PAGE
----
White House steps up efforts against prison rape
(AP) WASHINGTON - The White House on Thursday ordered federal, state and local prisons, jails and detention facilities to step up the fight against prison rape, issuing mandatory screening, enforcement and prevention regulations in hopes of reducing sexual victimization behind bars.
While the regulations have been in the works for years, the announcement comes on the heels of a Justice Department survey of former state and local prisoners that showed almost one in every 10 said they were sexually victimized at least once in prison by prison staff or other inmates.
"Sexual violence, against any victim, is an assault on human dignity and an affront to American values," President Barack Obama said in a White House memo.
The new regulations are immediately binding on federal prisons. They include screening inmates for the potential of sexual victimization and using that information in housing and work assignments, requiring background checks on employees, keeping juvenile inmates away from adult inmates, and requiring evidence preservation after a reported incident and requiring termination as the presumptive punishment for staff members.
States who don't fall in line face a loss of 5 percent of their Justice Department prison money unless their governor certifies that the same amount of money is being used to be bring the state into compliance. Prison accreditation organizations also will be banned from getting federal grants unless they include similar anti-prison rape standards in their accreditation process.
Obama also announced that the Prison Rape Elimination Act would apply to all federal confinement facilities, and all other agencies with confinement facilities were required to have protocol to fight prison rape within a year.
"The standards we establish today reflect the fact that sexual assault crimes committed within our correctional facilities can have devastating consequences for individual victims and for communities far beyond our jails and prisons," Attorney General Eric Holder said. "These standards are the result of a thoughtful and deliberative process and represent a critical step forward in protecting the rights and safety of all Americans."
The Obama administration announcement came as the Bureau of Justice Statistics released its first-ever National Former Prisoners Survey, which found that 9.6 percent of former inmates said they were sexually victimized in jails, prisons and halfway houses. A somewhat similar survey of still-imprisoned convicts done by the same agency in 2008-09 found that only 4.4 percent of state and federal inmates said they were sexually victimized.
The difference may be because the former inmates in the current survey were asked about a longer time period than in the previous survey, said Allen J. Beck, one of the authors of the survey. But it also could be that former inmates may be more willing to talk about the sexual victimization than the inmates currently housed inside those facilities, who have concerns about retaliation or retribution for speaking up. Critics have said inmates may be willing to lie on these surveys in an attempt to embarrass a facility or refuse to report an incident for fear of retaliation.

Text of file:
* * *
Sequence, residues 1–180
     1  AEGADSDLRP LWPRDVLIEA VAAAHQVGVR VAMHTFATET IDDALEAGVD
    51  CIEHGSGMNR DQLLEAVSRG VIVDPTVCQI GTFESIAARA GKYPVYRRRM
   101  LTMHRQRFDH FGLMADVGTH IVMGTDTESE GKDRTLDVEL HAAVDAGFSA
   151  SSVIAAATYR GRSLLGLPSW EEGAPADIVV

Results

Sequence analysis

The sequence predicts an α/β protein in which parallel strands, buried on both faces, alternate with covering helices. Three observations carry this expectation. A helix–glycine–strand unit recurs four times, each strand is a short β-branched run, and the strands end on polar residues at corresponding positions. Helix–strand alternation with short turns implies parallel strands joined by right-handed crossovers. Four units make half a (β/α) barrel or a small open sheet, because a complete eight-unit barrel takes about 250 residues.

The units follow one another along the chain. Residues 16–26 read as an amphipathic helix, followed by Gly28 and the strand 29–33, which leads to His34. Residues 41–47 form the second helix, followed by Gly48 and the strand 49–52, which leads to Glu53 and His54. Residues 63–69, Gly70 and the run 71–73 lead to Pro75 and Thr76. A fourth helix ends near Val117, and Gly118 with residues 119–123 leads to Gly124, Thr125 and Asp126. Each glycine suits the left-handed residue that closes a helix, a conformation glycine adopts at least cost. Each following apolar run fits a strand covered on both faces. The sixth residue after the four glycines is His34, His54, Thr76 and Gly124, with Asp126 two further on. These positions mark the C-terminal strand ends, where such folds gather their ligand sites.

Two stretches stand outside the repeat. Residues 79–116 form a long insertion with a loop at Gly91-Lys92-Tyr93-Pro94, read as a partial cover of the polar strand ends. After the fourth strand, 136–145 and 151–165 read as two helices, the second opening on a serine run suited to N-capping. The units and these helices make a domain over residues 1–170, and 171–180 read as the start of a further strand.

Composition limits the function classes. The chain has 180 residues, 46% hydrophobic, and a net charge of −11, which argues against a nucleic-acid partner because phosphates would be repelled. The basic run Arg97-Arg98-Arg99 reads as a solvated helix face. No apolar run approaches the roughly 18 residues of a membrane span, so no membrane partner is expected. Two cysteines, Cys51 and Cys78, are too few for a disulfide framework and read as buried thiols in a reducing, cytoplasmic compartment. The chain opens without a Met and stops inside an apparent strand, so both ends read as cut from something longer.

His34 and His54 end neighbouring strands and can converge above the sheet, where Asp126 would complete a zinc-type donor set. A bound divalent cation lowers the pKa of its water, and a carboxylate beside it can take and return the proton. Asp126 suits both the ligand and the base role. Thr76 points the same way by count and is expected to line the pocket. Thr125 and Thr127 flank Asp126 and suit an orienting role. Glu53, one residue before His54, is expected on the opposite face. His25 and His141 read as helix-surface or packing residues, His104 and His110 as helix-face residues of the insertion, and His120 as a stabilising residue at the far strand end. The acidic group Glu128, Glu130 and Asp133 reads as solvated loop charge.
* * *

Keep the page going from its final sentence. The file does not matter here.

"By looking at inmates who are out of that environment, who no longer have that immediate fear of retaliation, of retribution, who moreover don't have an immediate motivation to falsely accuse since they're out of the facility entirely, we get a sense that through interviewing these former inmates that our past work is confirmed, that some of the concerns about false negatives and false positives may have been overstated," Beck said.
The study defines sexual victimization as all types of unwanted sexual activity with other inmates, abusive sexual activity with other inmates and both willing and unwilling sexual activity with staff.
Among the survey's findings:
Just about the same number of former inmates were victimized by facility staff as were victimized by other inmates. About 27,300 5.4 percent reported incidents with other inmates, while 23,300 5.3 percent reported incidents that involved facility staff. Of the former inmates who reported incidents with staff, 6,300 or 1.2 percent of the former inmates said they had unwilling sex or sexual contact with staff, while the rest said they "willingly" had sexual contact with the staff member.
Any sexual contact between staff and inmate is officially classified as nonconsensual. Prisons uniformly forbid inmate-staff sexual contact.
A fourth of the former inmates who were victimized by other inmates said they had been physically held down or restrained, and a quarter also said they were physically injured or harmed during the attack.
Half of the former inmates who were victimized by facility staff members said they were offered favors or privileges in exchange, while a third said they were talked into it.
The majority of the sexual victimizations occurred in state prisons: 7.5 percent of inmates reported being victimized at least once there, while 1.8 percent reported incidents in local jails and 0.1 percent in halfway houses or other post-release community-treatment facilities.
Gay and bisexual men seemed to be by far the most frequently targeted in prison. The survey said that 39 percent of men who were gay and 34 percent of bisexual men reported being sexually victimized by another inmate, while only 3.5 percent of heterosexual men reported incidents. Lesbian and heterosexual women reported incidents with other inmates at the same rates 13 percent while staff victimization was double for lesbian women 8 percent compared with heterosexual women 4 percent.
The survey, which interviewed 18,526 former inmates on parole, is representative of 510,800 former state prisoners who were still on parole in the 50 states and the District of Columbia at mid-year 2008.
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